counsel for Mother argues that Mother has in fact planned
for her children by seeking case plans between M S
with DFS, such a plan never achieved success. While DFS
was not required to plan with Maternal great-grandmother, it nevertheless
did so in good faith. Unfortunately, the evidence points to
the inescapable conclusion that Maternal great-grandmother is not a viable
adoptive resource for these boys. The reasons are many and
vary. They include the inadequency of her home, both its
limited space and location in a neighborhood providing inadequate facilities
for young children to play, her total dependence on others
to provide her with transportation for even the most basic
of needs, food and medical care, the continued presence in
the home of family members with lengthy and significant histories
of domestic violence and mental illness under circumstances where even
at the time of the hearing, Maternal great-grandmother still failed
to recognize the existence of such problems within her family
and the significance that those problems pose to the healthy
development of these two children. Notwithstanding the existence of safety
plans and very explicit Orders from this Court restricting the
presence of others during MGGM's visitations, and a prohibition against
Mother having unsupervised contact with the boys, MGGM condoned repeated
violations. Maternal great-grandmother's disregard of this Court's Order and her
lack of acceptance of the reality of the inadequacies of
members of her family does not demonstrate her lack of
love or concern for these boys, but rather, her inability
to recognize she is unable to provide due to her
lind loyalty to the members of her family. MGGM lacks
the financial resources to adequately care for herself let alone
the financial demands of raising two children. Finally, the Court
cannot overlook her age and health. The reality of the
circumstance requires the Court consider not merely MGGM's age and
health now, but what it would be like in five
or ten years, well within the period of minority of
both K and E. With an absence of an appropriate
caregiver to assume the responsibility of raising these boys if
MGGM's health deteriorates as she ages, Mother's plan calling for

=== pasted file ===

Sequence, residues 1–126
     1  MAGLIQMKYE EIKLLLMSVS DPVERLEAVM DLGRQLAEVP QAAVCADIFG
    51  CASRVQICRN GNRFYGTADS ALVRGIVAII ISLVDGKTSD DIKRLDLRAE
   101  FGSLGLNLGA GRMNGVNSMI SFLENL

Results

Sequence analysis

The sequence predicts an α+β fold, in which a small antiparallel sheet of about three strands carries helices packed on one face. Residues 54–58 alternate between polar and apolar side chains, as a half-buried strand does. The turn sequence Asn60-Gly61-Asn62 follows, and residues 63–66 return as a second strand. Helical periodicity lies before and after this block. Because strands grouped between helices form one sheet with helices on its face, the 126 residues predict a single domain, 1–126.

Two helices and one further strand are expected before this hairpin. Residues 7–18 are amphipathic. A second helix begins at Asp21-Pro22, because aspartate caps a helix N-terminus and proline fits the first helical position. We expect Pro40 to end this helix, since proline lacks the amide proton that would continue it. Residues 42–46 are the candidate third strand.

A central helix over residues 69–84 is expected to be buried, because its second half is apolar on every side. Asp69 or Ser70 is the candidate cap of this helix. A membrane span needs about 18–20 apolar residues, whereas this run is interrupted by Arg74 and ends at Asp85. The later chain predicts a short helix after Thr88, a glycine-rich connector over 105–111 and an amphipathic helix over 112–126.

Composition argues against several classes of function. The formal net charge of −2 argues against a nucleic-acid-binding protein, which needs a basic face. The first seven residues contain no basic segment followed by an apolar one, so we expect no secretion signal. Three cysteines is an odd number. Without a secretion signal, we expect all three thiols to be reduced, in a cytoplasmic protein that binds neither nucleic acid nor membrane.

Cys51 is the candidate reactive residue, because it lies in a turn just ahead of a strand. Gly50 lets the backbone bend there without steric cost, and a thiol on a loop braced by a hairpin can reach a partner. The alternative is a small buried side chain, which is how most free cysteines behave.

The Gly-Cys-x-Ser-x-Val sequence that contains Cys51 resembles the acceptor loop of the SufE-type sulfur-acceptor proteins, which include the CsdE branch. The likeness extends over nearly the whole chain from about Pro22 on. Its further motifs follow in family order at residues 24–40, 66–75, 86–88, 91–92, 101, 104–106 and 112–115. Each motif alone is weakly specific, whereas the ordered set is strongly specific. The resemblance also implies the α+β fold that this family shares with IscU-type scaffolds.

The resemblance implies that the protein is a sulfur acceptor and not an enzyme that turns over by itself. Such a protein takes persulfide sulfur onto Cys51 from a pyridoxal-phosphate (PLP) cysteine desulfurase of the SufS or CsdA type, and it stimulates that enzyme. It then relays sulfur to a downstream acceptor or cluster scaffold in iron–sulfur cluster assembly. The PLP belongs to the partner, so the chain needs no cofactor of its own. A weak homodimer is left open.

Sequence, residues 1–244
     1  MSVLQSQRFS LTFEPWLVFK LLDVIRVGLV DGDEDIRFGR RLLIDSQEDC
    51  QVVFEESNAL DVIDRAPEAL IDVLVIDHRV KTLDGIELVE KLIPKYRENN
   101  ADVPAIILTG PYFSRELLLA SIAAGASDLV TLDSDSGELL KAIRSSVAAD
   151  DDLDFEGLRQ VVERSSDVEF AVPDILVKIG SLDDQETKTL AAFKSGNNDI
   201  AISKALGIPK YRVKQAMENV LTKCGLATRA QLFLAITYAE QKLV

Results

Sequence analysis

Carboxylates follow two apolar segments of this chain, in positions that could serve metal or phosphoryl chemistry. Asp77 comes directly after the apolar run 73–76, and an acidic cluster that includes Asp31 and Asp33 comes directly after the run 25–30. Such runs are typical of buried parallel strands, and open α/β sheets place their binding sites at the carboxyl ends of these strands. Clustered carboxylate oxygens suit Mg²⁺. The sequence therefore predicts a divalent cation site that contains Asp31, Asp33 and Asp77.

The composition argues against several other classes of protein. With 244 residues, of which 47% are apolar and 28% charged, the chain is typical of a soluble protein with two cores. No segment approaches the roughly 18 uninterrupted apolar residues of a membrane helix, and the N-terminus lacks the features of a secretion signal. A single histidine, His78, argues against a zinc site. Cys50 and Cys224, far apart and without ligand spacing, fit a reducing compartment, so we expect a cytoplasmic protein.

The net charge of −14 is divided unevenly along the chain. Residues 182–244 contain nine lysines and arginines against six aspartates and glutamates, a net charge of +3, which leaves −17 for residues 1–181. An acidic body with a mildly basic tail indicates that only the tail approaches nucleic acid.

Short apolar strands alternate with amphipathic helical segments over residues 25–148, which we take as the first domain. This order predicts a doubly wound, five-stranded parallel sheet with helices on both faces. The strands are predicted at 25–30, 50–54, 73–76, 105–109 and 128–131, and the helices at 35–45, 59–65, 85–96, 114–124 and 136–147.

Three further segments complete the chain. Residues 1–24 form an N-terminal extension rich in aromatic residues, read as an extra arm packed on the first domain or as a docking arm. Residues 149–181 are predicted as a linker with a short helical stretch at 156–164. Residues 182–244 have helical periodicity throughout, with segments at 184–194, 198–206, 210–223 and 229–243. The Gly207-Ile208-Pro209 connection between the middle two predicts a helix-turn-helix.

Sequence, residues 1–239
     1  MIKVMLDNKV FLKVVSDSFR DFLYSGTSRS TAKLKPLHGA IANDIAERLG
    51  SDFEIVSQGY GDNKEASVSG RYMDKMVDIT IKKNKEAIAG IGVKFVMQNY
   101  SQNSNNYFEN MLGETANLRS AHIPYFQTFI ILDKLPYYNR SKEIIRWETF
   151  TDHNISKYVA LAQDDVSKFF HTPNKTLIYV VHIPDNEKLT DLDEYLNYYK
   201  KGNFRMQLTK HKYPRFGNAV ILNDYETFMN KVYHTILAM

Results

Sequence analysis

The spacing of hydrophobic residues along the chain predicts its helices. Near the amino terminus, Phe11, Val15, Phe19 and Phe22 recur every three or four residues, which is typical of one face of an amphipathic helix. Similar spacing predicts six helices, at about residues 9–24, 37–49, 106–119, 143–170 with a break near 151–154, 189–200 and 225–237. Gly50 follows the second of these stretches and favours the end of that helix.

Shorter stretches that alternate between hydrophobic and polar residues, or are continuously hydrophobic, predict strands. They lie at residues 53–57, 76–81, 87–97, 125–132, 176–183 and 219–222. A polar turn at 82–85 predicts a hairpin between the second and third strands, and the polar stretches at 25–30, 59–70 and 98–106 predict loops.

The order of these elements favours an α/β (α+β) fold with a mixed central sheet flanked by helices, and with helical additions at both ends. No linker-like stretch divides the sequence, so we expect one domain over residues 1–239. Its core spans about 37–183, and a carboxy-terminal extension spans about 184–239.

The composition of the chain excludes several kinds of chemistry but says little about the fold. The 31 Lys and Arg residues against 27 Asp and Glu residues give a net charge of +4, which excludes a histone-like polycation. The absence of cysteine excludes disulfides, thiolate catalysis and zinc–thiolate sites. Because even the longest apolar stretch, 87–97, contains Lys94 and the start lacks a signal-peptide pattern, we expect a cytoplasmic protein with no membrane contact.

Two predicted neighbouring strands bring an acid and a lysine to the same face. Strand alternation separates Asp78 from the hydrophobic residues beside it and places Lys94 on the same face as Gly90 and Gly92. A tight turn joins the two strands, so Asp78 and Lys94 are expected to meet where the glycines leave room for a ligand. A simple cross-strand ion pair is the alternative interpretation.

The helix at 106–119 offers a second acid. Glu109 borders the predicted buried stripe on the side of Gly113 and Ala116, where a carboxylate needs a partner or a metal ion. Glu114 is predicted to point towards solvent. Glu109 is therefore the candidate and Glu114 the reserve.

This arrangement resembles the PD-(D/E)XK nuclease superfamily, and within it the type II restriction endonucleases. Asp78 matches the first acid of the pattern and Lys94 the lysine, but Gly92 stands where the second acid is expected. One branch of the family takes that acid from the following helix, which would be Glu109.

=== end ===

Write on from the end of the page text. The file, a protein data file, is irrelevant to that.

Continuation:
Maternal great-grandmother to raise the boys is just not a
plan that meets these youngsters needs.
Having concluded that at least one statutory ground for termination
of parental rights has been established in this case with
regard to each parent, the Petition for Termination of Parental
Rights cannot nevertheless be granted until the Court further finds,
by clear and convincing evidence that termination of parental rights
is in these children's best interest.FN22
While what constitutes “best
interest of the child”
depends on the particular facts that any given case, the
Court, while considering all relevant factors, must include consideration of
the factors set forth in 13 Del.
In re: Burns,
Supr. 519A.2d638; Division
of Family Services v. Hutton
Del.Supr., 765 A.2d1267(2001)
722 provides in relevant part:
in determining the best interest of the child, the Court
shall consider all relevant factors including:
the wishes of the child's parents or parent as to
his or her custody and residential arrangements;
the wishes of the child as to his or her
custodian(s) and residential arrangements;
the interaction and interrelationship of the child and his or
her parents, grandparents, siblings, persons cohabiting in a relationship between
a husband and wife with a parent of the child
any other residents of the household or persons who significant
effect the child's best interest;
the child's adjustment to his or her home, school and
the mental and physical health of all individuals involved;
past and present compliance by both parents with their rights
and responsibilities to their child under §
701 of this title;
evidence of domestic violence as provided for in Chapter 7A
of this title.”
wishes of the parents.
B has consented to the Termination of Parental Rights and
by that consent has acknowledged what is best for his
son. His wishes are clear and unequivocal. S R failed
to appear at today's hearing and her wishes remain unclear.
Throughout the proceedings, she has urged that her children be
adopted by her grandmother. Perhaps those wishes have changed. Perhaps
not. Certainly, the Court cannot, by her failure to appear
at the hearing construe her absence in a manner favorable
to her position. H does not oppose Termination of Parental
Rights, so long as K is adopted by his sister.
These various and conflicting positions will be viewed by the
Court as inconclusive on this issue.
of the children as to the custodial and residential arrangements.